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Is Government the Answer to Military Suicide?

Is Government the Answer to Military Suicide?

I’m a big believer in doing what can be done to stop suicide, especially among VMGR (Veterans, Military Guard and Reserves). So I feel torn by Iraq/Afghanistan Veterans of America’s petition drive to get Congress to “do something” about it. Clearly, there are some actions Congress can take, but I can’t believe that America’s government is really willing to tackle military suicide at its root cause: war.

Please don’t misunderestimate this. Countries of liberty like America need and deserve a strong defense. But the thread that connects that fact to the reality of what America and other liberty-loving nations fear, and how those fears somehow make intervention in so many parts of the world an American problem — this is not at all clear.

How well would you do your job if you weren’t passionate about it? Maybe I’m just unique — I know many people who slog through a passionless workday because the paycheck somehow makes it worthwhile. From what I know of non-mercenary military paychecks, it’s hard to see how money alone can be enough to keep America’s service members coming back day after day.

Serving in uniform takes a special kind of commitment; Congress has done what it can to grapple with that fact, but government is just not a capable humanitarian organization. Ask any Veteran trying to get care at a VA Medical Center, or trying to claim rightful benefits for service-connected injuries. The government just doesn’t serve its injured warriors well. If government even came close to being effective there wouldn’t be a need for the thousands of non-governmental humanitarian organizations serving Veterans much better than government.

So, while I applaud IAVA’s initiative, and while such things clearly “call attention” to the poignant problems, it’s foolhardy to ask Congress to do any better at solving them. Much more effective would be petitioning Congress to help stop the rudderless worldwide military action that’s caused so many military suicides and overloaded the Veterans Administration. Petitioning Congress and the President to let the military do what it does best by  setting a clear military objective and then getting out of its way seems like an effective and reasonable way to exert influence.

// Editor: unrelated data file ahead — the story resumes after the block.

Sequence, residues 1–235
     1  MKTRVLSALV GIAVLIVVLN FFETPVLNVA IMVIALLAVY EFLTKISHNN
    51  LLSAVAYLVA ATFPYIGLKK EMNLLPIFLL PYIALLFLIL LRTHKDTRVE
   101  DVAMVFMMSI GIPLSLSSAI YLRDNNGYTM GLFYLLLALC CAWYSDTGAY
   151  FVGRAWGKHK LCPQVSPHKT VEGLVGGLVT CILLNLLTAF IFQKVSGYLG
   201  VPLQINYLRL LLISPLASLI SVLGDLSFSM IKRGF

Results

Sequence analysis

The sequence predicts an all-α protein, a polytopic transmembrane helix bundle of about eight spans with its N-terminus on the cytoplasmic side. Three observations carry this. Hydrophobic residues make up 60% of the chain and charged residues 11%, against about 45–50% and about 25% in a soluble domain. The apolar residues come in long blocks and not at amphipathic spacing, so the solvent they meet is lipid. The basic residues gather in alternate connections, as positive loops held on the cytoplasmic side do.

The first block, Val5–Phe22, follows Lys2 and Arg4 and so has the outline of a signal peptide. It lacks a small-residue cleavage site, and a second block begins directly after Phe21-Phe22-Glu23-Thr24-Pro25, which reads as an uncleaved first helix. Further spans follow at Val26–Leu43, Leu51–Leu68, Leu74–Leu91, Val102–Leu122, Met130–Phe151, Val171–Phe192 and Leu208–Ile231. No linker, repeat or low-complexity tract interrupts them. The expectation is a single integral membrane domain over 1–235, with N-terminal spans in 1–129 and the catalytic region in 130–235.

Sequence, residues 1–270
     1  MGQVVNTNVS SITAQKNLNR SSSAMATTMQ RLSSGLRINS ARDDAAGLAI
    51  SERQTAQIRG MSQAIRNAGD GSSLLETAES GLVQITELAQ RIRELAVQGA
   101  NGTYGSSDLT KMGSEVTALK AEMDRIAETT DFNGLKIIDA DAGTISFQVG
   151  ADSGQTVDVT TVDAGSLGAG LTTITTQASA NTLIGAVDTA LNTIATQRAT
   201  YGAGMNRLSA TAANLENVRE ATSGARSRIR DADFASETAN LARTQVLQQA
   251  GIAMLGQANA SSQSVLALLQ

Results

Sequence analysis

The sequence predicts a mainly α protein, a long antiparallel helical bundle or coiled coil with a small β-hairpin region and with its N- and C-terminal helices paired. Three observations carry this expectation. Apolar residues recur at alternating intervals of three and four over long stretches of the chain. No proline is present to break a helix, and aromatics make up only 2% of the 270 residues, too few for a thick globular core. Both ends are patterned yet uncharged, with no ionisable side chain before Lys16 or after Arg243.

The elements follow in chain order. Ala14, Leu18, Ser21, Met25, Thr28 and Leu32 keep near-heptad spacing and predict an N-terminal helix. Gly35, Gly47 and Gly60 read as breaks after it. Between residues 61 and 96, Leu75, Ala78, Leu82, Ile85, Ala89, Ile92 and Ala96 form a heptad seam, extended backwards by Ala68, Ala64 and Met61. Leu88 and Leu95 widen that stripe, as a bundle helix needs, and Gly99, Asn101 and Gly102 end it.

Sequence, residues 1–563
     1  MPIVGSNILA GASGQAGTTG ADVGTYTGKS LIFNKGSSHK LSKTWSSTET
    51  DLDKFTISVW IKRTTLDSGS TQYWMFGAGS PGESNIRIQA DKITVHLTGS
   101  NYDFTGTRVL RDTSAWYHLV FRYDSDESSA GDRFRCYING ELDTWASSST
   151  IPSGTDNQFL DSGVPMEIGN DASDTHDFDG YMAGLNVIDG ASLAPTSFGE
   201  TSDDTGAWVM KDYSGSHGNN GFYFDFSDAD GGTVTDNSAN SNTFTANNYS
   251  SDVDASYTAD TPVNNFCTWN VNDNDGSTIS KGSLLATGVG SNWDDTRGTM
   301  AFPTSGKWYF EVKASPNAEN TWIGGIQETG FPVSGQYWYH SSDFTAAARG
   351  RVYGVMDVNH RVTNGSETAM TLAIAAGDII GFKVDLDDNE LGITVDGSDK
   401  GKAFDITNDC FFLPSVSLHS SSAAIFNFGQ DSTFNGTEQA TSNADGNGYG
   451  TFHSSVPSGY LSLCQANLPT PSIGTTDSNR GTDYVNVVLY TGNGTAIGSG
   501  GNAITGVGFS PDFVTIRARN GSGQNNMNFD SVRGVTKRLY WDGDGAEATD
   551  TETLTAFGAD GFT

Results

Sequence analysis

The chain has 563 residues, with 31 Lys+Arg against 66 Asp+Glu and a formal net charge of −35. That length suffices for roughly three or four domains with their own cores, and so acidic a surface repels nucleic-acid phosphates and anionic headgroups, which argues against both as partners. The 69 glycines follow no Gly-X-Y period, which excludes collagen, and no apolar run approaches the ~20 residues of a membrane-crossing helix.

The Congresses and Presidents we’ve elected since Vietnam have proven they aren’t capable of directing a war well. That’s not their job, after all. If we really wanted to “do something for the Veterans” it would be most effective to elect politicians who stand down and trust career military leaders to prosecute military action.

Perhaps that would bring America closer to a time of peaceful defense, rather than random military involvement in global politics.

America earned some of its lessons of liberty with blood and inglorious sacrifice. Other nations America respects may deserve their own opportunity to learn those lessons, too, in whatever way they choose, rather than under American’s “protection” and influence. This course of action won’t leave warfighters watching their hard-fought objectives falling back into the “wrong” hands, wondering what their sacrifice was for, worried that it was all for naught. No one who’s worn a military uniform ought to be forced by their government to confront those questions, but that’s the government America has until and unless we vote to change it.